Pop/Rock/World CD Reviews

George Duke – DreamWeaver – Heads Up

An invigorating contemporary album filled with expressiveness.

Published on June 23, 2013

George Duke – DreamWeaver – Heads Up

George Duke – DreamWeaver – Heads Up HUI 34170-02, 74:12 [7/16/13] (Distr. by Concord Music) ***½:

(George Duke – keyboards; Christian McBride, Stanley Clarke – bass; Paul Jackson Jr., Jef Lee Johnson – guitar; Lalah Hathaway, Rachelle Ferrell, Jeffrey Osborne, Freddie Jackson, BeBe Winans, Howard Hewitt & Teena Marie – vocals)

Contemporary jazz is one of those terms to which providing a definition is fraught with ambiguity. To the jazz purists, the almost total lack of improvisation means the word jazz is misused, and to the artists, they adhere to the belief that they are creating a sound that builds upon traditional jazz forms re-invented. All those features come together in the George Duke release DreamWeaver.

Duke’s bone fides in jazz stem from his days as a pianist in Cannonball Adderley’s band of the early ‘70s and with Sonny Rollins in the mid-’70s. By the late ‘70s, he was producing albums for a wide variety of artists in both the jazz and pop field. Over the following twenty years, Duke flirted with a number of musical styles but always seemed to find his way back to his jazz roots. However of the fifteen tracks on DreamWeaver, swinging jazz would be hard to find, as there is a heterogeneous mix of jazz-funk, pop and R&B. The title track “DreamWeaver” is meant to set the tone for the balance of the album, as it is an ethereal soundscape that is conceptually elastic.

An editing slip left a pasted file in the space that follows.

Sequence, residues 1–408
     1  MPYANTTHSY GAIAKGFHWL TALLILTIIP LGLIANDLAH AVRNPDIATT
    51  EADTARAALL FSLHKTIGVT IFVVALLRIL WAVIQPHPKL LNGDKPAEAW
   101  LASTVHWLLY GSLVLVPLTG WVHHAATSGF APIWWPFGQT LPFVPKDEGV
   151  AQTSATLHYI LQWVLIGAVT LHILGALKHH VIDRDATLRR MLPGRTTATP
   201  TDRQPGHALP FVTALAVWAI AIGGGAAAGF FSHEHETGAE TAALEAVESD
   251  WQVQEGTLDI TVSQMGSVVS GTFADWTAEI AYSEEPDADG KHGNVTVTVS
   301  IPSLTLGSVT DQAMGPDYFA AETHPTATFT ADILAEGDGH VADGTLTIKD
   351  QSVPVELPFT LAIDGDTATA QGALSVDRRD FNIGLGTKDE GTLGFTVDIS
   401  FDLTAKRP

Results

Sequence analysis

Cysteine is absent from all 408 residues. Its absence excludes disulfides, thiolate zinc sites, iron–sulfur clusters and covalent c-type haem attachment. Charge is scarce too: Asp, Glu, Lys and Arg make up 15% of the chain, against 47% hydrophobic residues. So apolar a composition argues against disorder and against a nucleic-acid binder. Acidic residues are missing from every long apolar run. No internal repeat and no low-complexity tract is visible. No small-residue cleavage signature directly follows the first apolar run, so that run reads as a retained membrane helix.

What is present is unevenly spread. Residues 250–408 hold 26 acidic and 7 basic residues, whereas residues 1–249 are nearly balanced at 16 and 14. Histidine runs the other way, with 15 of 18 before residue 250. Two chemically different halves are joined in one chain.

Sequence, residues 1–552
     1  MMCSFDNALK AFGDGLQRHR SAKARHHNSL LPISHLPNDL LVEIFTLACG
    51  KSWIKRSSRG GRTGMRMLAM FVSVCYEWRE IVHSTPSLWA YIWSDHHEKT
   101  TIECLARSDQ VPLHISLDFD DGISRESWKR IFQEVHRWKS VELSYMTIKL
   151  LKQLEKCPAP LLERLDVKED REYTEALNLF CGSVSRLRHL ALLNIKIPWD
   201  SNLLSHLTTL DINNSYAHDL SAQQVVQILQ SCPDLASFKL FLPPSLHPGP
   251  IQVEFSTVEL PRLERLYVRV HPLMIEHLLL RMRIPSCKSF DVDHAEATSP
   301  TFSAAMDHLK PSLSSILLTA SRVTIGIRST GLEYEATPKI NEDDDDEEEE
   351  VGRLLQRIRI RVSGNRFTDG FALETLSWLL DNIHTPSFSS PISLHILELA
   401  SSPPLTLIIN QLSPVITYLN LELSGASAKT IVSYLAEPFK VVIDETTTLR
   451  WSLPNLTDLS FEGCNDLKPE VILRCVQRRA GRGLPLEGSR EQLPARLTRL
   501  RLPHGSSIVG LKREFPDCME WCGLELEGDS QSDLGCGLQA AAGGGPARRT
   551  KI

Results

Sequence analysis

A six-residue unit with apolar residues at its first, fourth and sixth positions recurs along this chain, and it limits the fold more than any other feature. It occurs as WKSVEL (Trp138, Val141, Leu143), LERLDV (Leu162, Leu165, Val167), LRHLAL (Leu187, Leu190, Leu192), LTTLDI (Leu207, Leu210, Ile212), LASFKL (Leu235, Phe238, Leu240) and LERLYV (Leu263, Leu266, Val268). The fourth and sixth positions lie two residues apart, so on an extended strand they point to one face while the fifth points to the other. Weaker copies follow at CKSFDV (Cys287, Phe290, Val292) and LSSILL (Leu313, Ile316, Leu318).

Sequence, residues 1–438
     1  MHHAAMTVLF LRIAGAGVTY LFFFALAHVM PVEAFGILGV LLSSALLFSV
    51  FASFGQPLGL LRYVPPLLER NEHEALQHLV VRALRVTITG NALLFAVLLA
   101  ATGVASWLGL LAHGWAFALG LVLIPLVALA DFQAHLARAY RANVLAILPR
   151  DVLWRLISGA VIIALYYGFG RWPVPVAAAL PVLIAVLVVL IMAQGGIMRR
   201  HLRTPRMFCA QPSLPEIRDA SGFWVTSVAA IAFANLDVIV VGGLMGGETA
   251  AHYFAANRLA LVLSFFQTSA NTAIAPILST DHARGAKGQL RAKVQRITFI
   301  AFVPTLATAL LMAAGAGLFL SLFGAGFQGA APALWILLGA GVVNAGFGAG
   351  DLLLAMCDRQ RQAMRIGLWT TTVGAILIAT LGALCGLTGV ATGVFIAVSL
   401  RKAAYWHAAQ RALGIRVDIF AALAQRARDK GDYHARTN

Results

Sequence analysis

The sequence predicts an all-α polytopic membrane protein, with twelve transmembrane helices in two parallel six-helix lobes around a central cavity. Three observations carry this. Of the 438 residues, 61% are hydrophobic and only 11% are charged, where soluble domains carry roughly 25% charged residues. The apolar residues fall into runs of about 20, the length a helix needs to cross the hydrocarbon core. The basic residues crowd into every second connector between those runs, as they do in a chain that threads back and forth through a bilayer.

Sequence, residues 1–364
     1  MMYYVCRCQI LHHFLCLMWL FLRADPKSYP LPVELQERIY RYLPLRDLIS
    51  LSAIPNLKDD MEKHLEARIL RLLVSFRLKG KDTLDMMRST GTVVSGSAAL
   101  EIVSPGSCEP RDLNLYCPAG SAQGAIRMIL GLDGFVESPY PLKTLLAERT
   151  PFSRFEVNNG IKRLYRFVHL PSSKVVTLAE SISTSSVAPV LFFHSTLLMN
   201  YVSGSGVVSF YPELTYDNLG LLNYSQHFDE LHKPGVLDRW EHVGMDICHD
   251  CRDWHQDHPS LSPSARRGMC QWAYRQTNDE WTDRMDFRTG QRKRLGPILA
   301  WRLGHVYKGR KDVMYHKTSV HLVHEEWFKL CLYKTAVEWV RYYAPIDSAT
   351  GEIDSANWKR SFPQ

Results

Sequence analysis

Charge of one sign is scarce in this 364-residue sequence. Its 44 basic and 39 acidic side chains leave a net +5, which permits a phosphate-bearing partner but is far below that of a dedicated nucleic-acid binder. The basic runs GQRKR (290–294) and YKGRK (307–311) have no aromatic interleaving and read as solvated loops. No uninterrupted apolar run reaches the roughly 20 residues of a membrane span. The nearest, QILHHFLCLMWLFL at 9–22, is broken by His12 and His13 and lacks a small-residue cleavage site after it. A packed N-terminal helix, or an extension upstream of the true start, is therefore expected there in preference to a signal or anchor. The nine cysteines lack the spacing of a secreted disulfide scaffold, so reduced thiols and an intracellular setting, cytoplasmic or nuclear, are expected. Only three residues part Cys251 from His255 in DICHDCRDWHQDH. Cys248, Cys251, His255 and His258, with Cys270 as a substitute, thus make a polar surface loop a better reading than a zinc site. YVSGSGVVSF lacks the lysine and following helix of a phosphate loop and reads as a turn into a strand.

On “Trippin’” Duke offers a vocal story of his early years in California and acts as a touchstone for his musical grounding.” Missing You” gives Duke a chance to express his love for his wife Corrine who has passed away in 2012. In the tradition of Quincy Jones’ “We Are The World” Duke gathers a choir of friends to do a gospel shout-out “Change The World”. The pace, however, picks up with the dance–friendly “Jazzmatazz”.

A voice from the past pops up on “Ball & Chain” where R&B vocalist Teena Marie delivers a heartfelt rendition of this classic. Marie, who died in 2010, had worked with Duke in the past and this track came from a new album that both artists had hoped to put together. “Burnt Sausage Jam” is a fifteen minute mash-up of funk, blues and R&B played with avid eagerness. While this session may be hard to quantify, it does have an invigorating contemporary dynamic and expressiveness.

TrackList: DreamWeaver; Stones Of Orion; Trippin’; Ash Tray; Missing You; Transition 1; Change The World; Jazzmatazz; Round The Way Girl; Transition 2; Brown Sneakers; You Never Know; Ball & Chain; Burnt Sausage Jam; Happy Trails

—Pierre Giroux




on this article to AUDIOPHILE AUDITION!

Email this page to a friend.   View a printer-friendly version of the article.


Copyright © Audiophile Audition   All rights Reserved